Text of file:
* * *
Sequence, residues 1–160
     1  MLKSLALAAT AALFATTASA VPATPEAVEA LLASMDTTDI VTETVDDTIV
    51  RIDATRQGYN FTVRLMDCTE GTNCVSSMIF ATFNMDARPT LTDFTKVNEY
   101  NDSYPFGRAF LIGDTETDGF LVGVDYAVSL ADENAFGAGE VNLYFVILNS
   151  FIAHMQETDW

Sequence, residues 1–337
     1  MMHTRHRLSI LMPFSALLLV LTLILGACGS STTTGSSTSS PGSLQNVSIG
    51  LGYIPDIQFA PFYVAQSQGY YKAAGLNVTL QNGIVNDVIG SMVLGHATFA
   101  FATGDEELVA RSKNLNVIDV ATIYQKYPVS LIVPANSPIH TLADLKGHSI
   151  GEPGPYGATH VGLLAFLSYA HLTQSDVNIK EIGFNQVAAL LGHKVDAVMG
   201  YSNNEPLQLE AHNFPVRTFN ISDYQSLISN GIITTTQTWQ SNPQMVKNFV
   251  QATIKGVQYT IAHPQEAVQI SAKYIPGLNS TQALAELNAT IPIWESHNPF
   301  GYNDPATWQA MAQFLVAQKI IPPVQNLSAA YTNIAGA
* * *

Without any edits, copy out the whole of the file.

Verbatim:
Sequence, residues 1–160
     1  MLKSLALAAT AALFATTASA VPATPEAVEA LLASMDTTDI VTETVDDTIV
    51  RIDATRQGYN FTVRLMDCTE GTNCVSSMIF ATFNMDARPT LTDFTKVNEY
   101  NDSYPFGRAF LIGDTETDGF LVGVDYAVSL ADENAFGAGE VNLYFVILNS
   151  FIAHMQETDW

Sequence, residues 1–337
     1  MMHTRHRLSI LMPFSALLLV LTLILGACGS STTTGSSTSS PGSLQNVSIG
    51  LGYIPDIQFA PFYVAQSQGY YKAAGLNVTL QNGIVNDVIG SMVLGHATFA
   101  FATGDEELVA RSKNLNVIDV ATIYQKYPVS LIVPANSPIH TLADLKGHSI
   151  GEPGPYGATH VGLLAFLSYA HLTQSDVNIK EIGFNQVAAL LGHKVDAVMG
   201  YSNNEPLQLE AHNFPVRTFN ISDYQSLISN GIITTTQTWQ SNPQMVKNFV
   251  QATIKGVQYT IAHPQEAVQI SAKYIPGLNS TQALAELNAT IPIWESHNPF
   301  GYNDPATWQA MAQFLVAQKI IPPVQNLSAA YTNIAGA